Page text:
# The Universe of Disco

Sun, 01 Oct 2023

The Wikipedia article on “Irish logarithm” presents this rather weird little algorithm, invented by Percy Ludgate. Suppose you want to multiply !!a!! and !!b!!, where both are single-digit numbers !!0≤a,b≤9!!.

Normally you would just look it up on a multiplication table, but please bear with me for a bit.

To use Ludgate's algorithm you need a different little table:

$$\begin{array}{rl} T_1 = & \begin{array}{cccccccccc} \tiny\color{gray}{0} & \tiny\color{gray}{1} & \tiny\color{gray}{2} & \tiny\color{gray}{3} & \tiny\color{gray}{4} & \tiny\color{gray}{5} & \tiny\color{gray}{6} & \tiny\color{gray}{7} & \tiny\color{gray}{8} & \tiny\color{gray}{9} \\ 50 & 0 & 1 & 7 & 2 & 23 & 8 & 33 & 3 & 14 \\ \end{array} \end{array}$$

and a different bigger one:

$$\begin{array}{rl} T_2 = & % \left( \begin{array}{rrrrrrrrrrr} {\tiny\color{gray}{0}} & 1, & 2, & 4, & 8, & 16, & 32, & 64, & 3, & 6, & 12, \\ {\tiny\color{gray}{10}} & 24, & 48, & 0, & 0, & 9, & 18, & 36, & 72, & 0, & 0, \\ {\tiny\color{gray}{20}} & 0, & 27, & 54, & 5, & 10, & 20, & 40, & 0, & 81, & 0, \\ {\tiny\color{gray}{30}} & 15, & 30, & 0, & 7, & 14, & 28, & 56, & 45, & 0, & 0, \\ {\tiny\color{gray}{40}} & 21, & 42, & 0, & 0, & 0, & 0, & 25, & 63, & 0, & 0, \\ {\tiny\color{gray}{50}} & 0, & 0, & 0, & 0, & 0, & 0, & 35, & 0, & 0, & 0, \\ {\tiny\color{gray}{60}} & 0, & 0, & 0, & 0, & 0, & 0, & 49\hphantom{,} \end{array} % \right) \end{array}$$

I've formatted !!T_2!! in rows for easier reading, but it's really just a zero-indexed list of !!101!! numbers. So for example !!T_2(23)!! is !!5!!.

The tiny gray numbers in the margin are not part of the table, they are counting the elements so that it is easy to find element !!23!!.

Ludgate's algorithm is simply:

$$ab = T_2(T_1(a) + T_1(b))$$

Let's see an example. Say we want to multiply !!4×7!!. We first look up !!4!! and !!7!! in !!T_1!!, and get !!2!! and !!33!!, which we add, getting !!35!!. Then !!T_2(35)!! is !!28!!, which is the correct answer.

This isn't useful for paper-and-pencil calculation, because it only works for products up to !!9×9!!, and an ordinary multiplication table is easier to use and remember. But Ludgate invented this for use in a mechanical computing engine, for which it is much better-suited.

The table lookups are mechanically very easy. They are simple one-dimensional lookups: to find !!T_1(6)!! you just look at entry !!6!! in the !!T_1!! table, which can be implemented as a series of ten metal rods of different lengths, or something like that. Looking things up in a multiplication table is harder because it is two-dimensional.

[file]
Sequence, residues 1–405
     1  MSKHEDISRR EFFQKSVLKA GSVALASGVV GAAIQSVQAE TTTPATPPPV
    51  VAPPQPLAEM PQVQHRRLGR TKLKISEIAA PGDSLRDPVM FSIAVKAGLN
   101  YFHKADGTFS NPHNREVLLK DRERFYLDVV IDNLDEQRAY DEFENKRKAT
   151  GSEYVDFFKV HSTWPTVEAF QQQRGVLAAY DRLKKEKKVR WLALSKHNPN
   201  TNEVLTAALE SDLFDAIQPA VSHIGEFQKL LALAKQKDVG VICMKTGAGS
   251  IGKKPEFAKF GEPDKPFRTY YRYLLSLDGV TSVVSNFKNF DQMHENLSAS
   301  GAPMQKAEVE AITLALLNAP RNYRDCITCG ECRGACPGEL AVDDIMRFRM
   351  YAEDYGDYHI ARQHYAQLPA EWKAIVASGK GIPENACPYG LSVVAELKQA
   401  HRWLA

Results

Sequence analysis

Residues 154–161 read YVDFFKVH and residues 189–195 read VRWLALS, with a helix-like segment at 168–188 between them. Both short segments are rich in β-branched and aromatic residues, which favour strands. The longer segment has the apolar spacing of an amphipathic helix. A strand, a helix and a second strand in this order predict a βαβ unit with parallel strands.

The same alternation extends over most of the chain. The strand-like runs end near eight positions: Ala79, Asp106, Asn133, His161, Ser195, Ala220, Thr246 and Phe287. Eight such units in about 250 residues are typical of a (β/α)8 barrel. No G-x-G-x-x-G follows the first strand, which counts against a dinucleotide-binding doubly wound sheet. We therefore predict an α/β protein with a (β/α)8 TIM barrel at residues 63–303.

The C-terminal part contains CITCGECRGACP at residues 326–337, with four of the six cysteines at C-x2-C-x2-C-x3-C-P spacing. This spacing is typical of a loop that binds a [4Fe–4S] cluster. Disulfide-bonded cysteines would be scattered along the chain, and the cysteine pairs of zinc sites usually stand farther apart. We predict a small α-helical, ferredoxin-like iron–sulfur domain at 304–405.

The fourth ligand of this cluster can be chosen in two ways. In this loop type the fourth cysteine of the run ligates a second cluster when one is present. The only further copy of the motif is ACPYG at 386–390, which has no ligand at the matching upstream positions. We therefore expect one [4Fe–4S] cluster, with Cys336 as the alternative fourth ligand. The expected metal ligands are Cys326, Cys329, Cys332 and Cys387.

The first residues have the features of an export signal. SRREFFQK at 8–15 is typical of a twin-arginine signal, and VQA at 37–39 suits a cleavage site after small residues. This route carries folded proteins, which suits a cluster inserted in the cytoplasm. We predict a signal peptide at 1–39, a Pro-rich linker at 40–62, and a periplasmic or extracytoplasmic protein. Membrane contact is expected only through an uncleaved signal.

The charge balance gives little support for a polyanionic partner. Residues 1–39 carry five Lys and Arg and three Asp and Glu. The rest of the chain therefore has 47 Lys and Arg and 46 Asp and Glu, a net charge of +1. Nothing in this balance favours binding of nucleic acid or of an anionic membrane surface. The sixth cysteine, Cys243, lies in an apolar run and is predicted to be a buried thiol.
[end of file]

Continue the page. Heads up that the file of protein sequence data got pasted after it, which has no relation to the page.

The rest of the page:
The single addition in Ludgate's algorithm can also be performed mechanically: to add !!T_1(a)!! and !!T_1(b)!!, you have some thingy that slides up by !!T_1(a)!! units, and then by !!T_1(b)!! more, and then wherever it ends up is used to index into !!T_2!! to get the answer. The !!T_2!! table doesn't have to be calculated on the fly, it can be made up ahead of time, and machined from brass or something, and incorporated directly into the machine. (It's tempting to say “hardcoded”.)

The tables look a little uncouth at first but it is not hard to figure out what is going on. First off, !!T_1!! is the inverse of !!T_2!! in the sense that $$T_2(T_1(n)) = n\tag{\color{darkgreen}{\spadesuit}}$$

whenever !!n!! is in range — that is when !!0≤ n ≤ 9!!.

!!T_2!! is more complex. We must construct it so that

$$T_2(T_1(a) + T_1(b)) = ab.\tag{\color{purple}{\clubsuit}}$$

for all !!a!! and !!b!! of interest, which means that !!0\le a, b\le 9!!.

If you look over the table you should see that the entry !!n!! is often followed by !!2n!!. That is, !!T_2(i+1) = 2T_2(i)!!, at least some of the time. In fact, this is true in all the cases we care about, where !!2n = ab!! for some single digits !!a, b!!.

The second row could just as well have started with !!24, 48, 96, 192!!, but Ludgate doesn't need the !!96, 192!! entries, so he made them zero, which really means “I don't care”. This will be important later.

The algorithm says that if we want to compute !!2n!!, we should compute \begin{align} 2n & = T_2(T_1(2) + T_1(n)) && \text{Because \color{purple}{\clubsuit}} \\ & = T_2(1 + T_1(n)) \\ & = 2T_2(T_1(n)) && \text{Because moving one space right doubles the value}\\ & = 2n && \text{Because \color{darkgreen}{\spadesuit}} \end{align}

when !!0≤n≤9!!.

I formatted !!T_2!! in rows of !!10!! because that makes it easy to look up examples like !!T_2(35) = 28!!, and because that's how Wikipedia did it. But this is very misleading, and not just because it makes !!T_2!! appear to be a !!10×10!! table when it's really a vector. !!T_2!! is actually more like a compressed version of a !!7×4×3×3!! table.

Let's reformat the table so that the rows have length !!7!! instead of !!10!!: